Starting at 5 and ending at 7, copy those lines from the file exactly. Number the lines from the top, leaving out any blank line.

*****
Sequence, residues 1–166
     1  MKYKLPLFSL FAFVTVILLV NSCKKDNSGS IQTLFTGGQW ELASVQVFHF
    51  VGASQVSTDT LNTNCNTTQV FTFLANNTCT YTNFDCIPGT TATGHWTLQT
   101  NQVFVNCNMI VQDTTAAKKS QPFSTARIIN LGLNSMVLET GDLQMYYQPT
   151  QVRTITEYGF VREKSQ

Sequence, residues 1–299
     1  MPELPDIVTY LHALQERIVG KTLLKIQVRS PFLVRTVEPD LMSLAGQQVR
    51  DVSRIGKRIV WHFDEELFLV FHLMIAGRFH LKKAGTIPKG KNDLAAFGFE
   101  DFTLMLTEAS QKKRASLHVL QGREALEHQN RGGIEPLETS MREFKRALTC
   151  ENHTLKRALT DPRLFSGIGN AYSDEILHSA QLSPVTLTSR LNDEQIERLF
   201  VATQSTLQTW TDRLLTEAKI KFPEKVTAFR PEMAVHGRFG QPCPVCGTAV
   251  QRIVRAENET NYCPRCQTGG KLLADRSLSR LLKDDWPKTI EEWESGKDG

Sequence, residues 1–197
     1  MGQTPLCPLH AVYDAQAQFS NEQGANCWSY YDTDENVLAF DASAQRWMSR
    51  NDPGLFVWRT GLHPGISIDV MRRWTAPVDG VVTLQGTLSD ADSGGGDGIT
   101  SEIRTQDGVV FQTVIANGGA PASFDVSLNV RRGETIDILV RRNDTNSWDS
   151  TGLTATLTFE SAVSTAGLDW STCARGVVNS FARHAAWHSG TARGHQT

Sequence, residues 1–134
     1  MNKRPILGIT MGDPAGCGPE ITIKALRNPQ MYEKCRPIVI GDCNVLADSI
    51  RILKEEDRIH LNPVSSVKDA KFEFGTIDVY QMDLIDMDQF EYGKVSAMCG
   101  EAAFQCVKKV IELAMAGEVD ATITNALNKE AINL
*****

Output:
   151  QVRTITEYGF VREKSQ

Sequence, residues 1–299
     1  MPELPDIVTY LHALQERIVG KTLLKIQVRS PFLVRTVEPD LMSLAGQQVR